2011-03-11 14:51:26Those who contribute the least greenhouse gases will be most impacted by climate change
John Cook

john@skepticalscience...
124.186.229.6

Note - I will be adding the new graphic to the Graphics page but wanted feedback first in case there were suggestions to improve the graphic.

UPDATE: actually, just had the thought, I haven't actually published any article in the Huff Post yet - this might be a good one. I might do a Huff Post version a little differently - maybe just run with the third pic and add a bit of commentary about the skeptic argument "co2 limits will hurt the poor".

Those who contribute the least greenhouse gases will be most impacted by climate change

The central question of climate change is, How will it affect humanity? A new study has tackled this question, estimating which regions are most vulnerable to future climate change (Samson et al 2011). The researchers then compared the global map of climate vulnerability to a global map of carbon dioxide emissions. The disturbing finding was that the countries that have contributed the least to carbon dioxide emissions are the same regions that will be most affected by the impacts of climate change.

To estimate the impact of climate change on people, James Samson and his co-authors developed a new metric called Climate Demography Vulnerability Index (CDVI). This takes into account how regional climate will change as well as how much local population is expected to grow. They incorporated this index into a global map and found highly vulnerable regions included central South America, the Middle East and both eastern and southern Africa. Less vulnerable regions were largely in the northern part of the Northern Hemisphere.

Figure 1: Global Climate Demography Vulnerability Index. Red corresponds to more vulnerable regions, blue to less vulnerable regions. White areas corresponds to regions with little or no population (Samson et al 2011).

Next, they created a map of national carbon dioxide emissions per capita. They found that it was the countries most severely impacted by climate change that contributed the least to greenhouse gas emissions. This presents us with a moral hazard. If those who are emitting the most greenhouse gas are the  least affected by direct global warming impacts, how shall we motivate them to change?

Figure 2: National average per capita CO2 emissions based on OECD/IEA 2006 national CO2 emissions (OECD/IEA, 2008)  and UNPD 2006 national population size (UNPD, 2007).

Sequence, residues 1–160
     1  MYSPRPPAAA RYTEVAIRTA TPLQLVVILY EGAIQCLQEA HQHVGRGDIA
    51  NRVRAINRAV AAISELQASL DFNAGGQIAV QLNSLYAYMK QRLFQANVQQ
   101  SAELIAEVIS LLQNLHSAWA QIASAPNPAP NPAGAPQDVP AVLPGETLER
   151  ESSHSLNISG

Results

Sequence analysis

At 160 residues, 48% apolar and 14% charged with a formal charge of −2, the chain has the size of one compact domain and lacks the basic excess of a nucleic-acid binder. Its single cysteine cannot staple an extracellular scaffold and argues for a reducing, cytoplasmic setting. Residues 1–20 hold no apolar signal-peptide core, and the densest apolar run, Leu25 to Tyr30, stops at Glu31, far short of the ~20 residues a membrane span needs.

To clearly communicate this disparity, I've added a new graphic to the Climate Graphics resource: a direct comparison of the polluting countries versus the vulnerable countries. It is quite striking that blue, less-polluting regions in the CO2 emissions map correspond to the red, highly vulnerable areas in the vulnerability map.

2011-03-11 16:21:31
Rob Painting
Rob
paintingskeri@vodafone.co...
118.92.83.209

This presents us with a moral hazard. If those who are emitting the most greenhouse gas are least affected by global warming impacts, where lies the motivation for them to change? Are you going to finish it with this line?. Would have more punch.

Does the study have some way of measuring the adaptive ability of nations?, i.e. poor nation are going to be unable to afford the measures adopted by richer ones. Looks like a lot of the broke countries are going to cop it. Mind you at the rate oil is rising maybe we'll all soon be broke.

2011-03-11 16:30:17comments
dana1981
Dana Nuccitelli
dana1981@yahoo...
69.230.107.233

This would be a really good one for HuffPost.

"The central question of climate change is how will it affect humanity?" => Need to either put "how it will affect humanity?" in quotes or remove the question mark.

"The researchers then compared the global map of climate vulnerability..." => You haven't introduced the global map concept yet.  You could just add to the previous sentence that they incorporated their estimates into a map.

"James Samson and his co-authors developed a new metric called Climate Demography Vulnerability Index"

"This presents us with a moral hazard." => moral dilemma, perhaps?

The end is a bit abrupt, it would help to add some sort of conclusion statement.

2011-03-11 16:53:19
nealjking

nealjking@gmail...
91.33.104.148

"The central question of climate change is how will it affect humanity?"

=> "The central question of climate change is, How will it affect humanity?"

 

===============================================

"Next, they created a map of national carbon dioxide emissions per capita. They found the countries most severely impacted by climate change that contributed the least to greenhouse gas emissions."

=>

"Next, they created a map of national carbon dioxide emissions per capita. They found that it was the countries most severely impacted by climate change that contributed the least to greenhouse gas emissions."

===============================================

"This presents us with a moral hazard. If those who are emitting the most greenhouse gas are least affected by global warming impacts, where lies the motivation for them to change?"

=>